International pressure on Saudi Arabia is increasingly being deployed by lawmaking bodies in ways that could slow much-needed foreign investment, regional analysts say.
On Wednesday, the European Commission (EC) added Saudi Arabia to its list of "high-risk third countries" that have "strategic deficiencies" in their anti-money laundering and counter-terrorism financing regimes, also known as AML/CFT.
The designation may not stick; it can be reversed by the European Council or European Parliament in the one-to-two month period that the bodies have to vote on it. But the move highlights a new willingness by lawmakers to more intensely scrutinize Saudi compliance with international conventions and withdraw privileges that the kingdom has enjoyed until now.
As a result of the listing, the EC wrote in a statement, banks and other bodies operating under the EU's anti-money laundering rules "will be required to apply increased checks (due diligence)" on transactions between individuals and institutions from Saudi Arabia, as well as more than 20 other listed countries, "to better identify any suspicious money flows."
The impact of the Commission's decision really depends on its acceptance by other European lawmaking entities as well as that of the U.S. Already France and the U.K. have expressed their opposition, having significant trade ties and weapons exports to the kingdom, and may attempt to reach a middle ground with the EC.
Specific evidence for Saudi Arabia's listing has not been publicly disclosed, but the EC cites risks posed by "third country jurisdictions which have strategic deficiencies in their AML/CFT regimes that pose significant threats to the financial system of the Union."
Saudi Arabia's inclusion on the list is "potentially very serious," Loretta Napoleoni, terror finance expert and author of the book Terror, Inc., told CNBC via email Thursday. But a rejection from the U.S. of the European decision will prove key. This would create a contradiction, she explained, having an "impact upon European investors and anybody who operates under the EU jurisdiction, but will not affect those who operated under the U.S. and in U.S. dollars."
The kingdom's history with money laundering and terror financing is no secret, Napoleoni added. The designation "is justified because we know that Saudis' money have gone to fund several jihadist organisations for decades. We also have a country whose financial system is not under our jurisdiction."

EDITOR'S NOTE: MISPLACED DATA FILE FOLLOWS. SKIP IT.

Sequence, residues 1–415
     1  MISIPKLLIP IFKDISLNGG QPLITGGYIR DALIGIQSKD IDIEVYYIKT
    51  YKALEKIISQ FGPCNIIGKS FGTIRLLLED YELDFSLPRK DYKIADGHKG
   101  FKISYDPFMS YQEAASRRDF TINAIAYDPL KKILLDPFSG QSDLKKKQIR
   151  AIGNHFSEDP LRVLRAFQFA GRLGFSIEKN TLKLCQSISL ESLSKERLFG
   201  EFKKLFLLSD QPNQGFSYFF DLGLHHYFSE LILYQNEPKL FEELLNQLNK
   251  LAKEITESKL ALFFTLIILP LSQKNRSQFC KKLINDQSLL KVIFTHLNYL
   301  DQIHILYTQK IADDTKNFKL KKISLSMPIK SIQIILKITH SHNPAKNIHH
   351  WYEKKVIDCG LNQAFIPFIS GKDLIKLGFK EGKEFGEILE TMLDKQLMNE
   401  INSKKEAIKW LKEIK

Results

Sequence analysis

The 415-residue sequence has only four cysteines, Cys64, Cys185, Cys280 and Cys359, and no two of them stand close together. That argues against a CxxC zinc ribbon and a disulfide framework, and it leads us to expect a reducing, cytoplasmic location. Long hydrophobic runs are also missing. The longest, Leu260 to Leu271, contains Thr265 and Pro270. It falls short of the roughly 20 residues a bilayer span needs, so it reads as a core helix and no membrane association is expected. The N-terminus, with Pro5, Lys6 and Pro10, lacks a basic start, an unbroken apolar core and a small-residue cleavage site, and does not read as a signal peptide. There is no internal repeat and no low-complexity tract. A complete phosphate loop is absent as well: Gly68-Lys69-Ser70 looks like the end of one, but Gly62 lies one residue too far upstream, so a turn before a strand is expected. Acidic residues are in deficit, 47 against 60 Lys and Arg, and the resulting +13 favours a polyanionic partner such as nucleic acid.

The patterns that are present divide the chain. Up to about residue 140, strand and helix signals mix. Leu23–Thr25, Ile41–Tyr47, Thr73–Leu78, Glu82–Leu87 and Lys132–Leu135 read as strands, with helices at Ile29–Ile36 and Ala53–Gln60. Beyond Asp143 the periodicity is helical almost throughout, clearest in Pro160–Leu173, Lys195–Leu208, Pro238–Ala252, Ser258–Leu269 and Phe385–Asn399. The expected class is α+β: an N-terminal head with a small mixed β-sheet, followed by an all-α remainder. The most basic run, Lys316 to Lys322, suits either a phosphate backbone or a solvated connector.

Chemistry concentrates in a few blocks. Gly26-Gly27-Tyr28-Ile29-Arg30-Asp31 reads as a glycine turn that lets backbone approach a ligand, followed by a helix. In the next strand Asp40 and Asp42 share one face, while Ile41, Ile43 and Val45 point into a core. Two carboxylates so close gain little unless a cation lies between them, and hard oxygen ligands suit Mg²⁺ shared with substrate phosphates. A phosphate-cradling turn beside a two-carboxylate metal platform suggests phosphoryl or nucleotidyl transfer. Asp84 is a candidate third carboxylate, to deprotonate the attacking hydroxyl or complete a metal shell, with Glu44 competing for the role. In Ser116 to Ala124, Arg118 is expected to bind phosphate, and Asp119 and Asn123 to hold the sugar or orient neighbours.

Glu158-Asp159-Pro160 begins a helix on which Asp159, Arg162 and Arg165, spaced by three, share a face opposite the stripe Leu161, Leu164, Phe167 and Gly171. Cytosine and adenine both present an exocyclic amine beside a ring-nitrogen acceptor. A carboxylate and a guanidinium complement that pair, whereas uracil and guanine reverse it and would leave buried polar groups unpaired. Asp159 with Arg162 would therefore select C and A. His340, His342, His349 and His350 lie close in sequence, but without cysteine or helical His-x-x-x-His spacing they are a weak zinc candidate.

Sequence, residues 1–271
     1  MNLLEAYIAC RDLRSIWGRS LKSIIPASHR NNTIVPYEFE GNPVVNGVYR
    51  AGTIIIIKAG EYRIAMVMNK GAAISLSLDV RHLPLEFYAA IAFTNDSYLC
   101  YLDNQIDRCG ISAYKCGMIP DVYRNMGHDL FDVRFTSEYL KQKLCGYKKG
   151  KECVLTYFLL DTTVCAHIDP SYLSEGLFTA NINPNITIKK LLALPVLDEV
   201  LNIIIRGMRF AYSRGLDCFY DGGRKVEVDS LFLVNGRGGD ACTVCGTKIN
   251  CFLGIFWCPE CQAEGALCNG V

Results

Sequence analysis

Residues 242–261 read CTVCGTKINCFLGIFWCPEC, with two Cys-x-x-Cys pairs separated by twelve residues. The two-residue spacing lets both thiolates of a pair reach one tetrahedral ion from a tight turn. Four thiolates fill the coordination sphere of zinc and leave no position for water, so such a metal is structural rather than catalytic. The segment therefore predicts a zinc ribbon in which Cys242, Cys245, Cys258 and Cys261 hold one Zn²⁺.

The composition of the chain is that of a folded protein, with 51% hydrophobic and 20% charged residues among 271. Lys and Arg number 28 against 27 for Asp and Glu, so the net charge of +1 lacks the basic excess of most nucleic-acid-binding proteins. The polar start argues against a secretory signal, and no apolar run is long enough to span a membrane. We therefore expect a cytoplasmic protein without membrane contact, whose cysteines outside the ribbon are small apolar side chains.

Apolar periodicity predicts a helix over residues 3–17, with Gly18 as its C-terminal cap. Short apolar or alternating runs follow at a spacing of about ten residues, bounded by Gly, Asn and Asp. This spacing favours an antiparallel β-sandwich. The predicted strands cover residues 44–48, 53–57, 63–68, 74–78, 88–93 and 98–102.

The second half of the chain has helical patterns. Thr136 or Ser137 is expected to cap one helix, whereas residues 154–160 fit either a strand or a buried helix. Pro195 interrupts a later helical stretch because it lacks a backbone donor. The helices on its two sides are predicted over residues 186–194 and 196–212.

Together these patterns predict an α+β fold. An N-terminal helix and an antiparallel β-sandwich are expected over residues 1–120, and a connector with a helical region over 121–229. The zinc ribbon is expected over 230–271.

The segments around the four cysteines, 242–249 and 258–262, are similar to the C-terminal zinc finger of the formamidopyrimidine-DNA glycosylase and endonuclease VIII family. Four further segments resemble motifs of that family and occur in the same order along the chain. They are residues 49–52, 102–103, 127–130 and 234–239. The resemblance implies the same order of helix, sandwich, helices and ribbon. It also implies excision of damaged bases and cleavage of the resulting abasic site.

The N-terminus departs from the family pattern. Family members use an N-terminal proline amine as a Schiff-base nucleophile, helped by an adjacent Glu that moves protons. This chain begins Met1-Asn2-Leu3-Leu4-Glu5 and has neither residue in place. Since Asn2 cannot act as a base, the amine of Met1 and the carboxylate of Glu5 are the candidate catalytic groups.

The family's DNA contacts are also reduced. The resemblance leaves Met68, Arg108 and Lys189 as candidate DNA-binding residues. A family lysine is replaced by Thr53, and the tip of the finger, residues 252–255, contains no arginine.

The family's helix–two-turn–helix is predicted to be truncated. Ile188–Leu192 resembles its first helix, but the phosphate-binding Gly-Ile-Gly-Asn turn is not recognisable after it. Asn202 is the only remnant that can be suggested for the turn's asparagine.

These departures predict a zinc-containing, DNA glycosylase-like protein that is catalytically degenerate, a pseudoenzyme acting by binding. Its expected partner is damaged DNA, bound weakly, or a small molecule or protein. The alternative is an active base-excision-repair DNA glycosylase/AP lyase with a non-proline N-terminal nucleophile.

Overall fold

Islamic finance is a separate system with its own rules — so international monetary authorities lack the power to stop money laundering or terrorist financing, she said. "This is already a huge problem."
Saudi Arabia's foreign ministry and the Saudi embassy in London did not reply to CNBC's requests for comment. But on Thursday, a government statement from the Saudi Press Agency (SPA) read that Riyadh "notes with regret" the decision, "despite the latter's adoption of measures to reinforce its legal framework, leading to enhanced cooperation with its counterparts."
"The Kingdom reaffirms its commitment to the common fight against money laundering and terrorism financing — a commitment it shares with its international partners and allies," the statement added. The SPA quoted Saudi Finance Minister Mohamed al-Jadaan as saying that fighting the two is a "strategic priority" and that Riyadh would "continue to develop and enhance our regulatory framework to achieve this goal."
The country is "not effectively nor routinely tracking and reporting any suspicious transactions," wrote Eurasia Group's Middle East practice head Ayham Kamel in a note this week. But Riyadh recently established anti money-laundering and anti-terror laws intended to combat terrorism financing, and Kamel notes that a 2018 report from the Financial Action Task Force shows positive compliance by the Saudi government with what's called AML/CFT — anti-money laundering and countering financing of terrorism.
"EU officials have more latitude to penalize Saudi Arabia after the Jamal Khashoggi killing," Kamel said. "In all likelihood, Riyadh has been violating some EU standards with a misplaced confidence that Europe would be unlikely to move against the kingdom."
The development comes as both Republicans and Democrats are pushing different pieces of legislation aimed at holding Riyadh responsible for the killing of Saudi journalist Jamal Khashoggi, withdrawing U.S. support for the Saudi-led offensive in Yemen, and opposing oil cartel OPEC, of which Saudi Arabia is the most powerful member.
Regardless of the outcome, any blemish on the kingdom's image adds further challenges to its economic goals set out in Vision 2030, an ambitious plan spearheaded by Crown Prince Mohammed bin Salman to diversify the economy away from oil and drive private sector job creation. Attracting foreign capital is central to that agenda.
Cinzia Bianco, senior analyst at Gulf State Analytics, says that the language used by the Commission "suggests the move is about encouraging the government, who wants to attract foreign investments, to take proactive steps to become a more palatable destination for European investments."
However, she added, given how European banks are already more cautious than their Asian or American counterparts to engage with Saudi Arabia — where political risk is considered very high at the moment — "this move can actually impact negatively on the issue even if remains only partially adopted."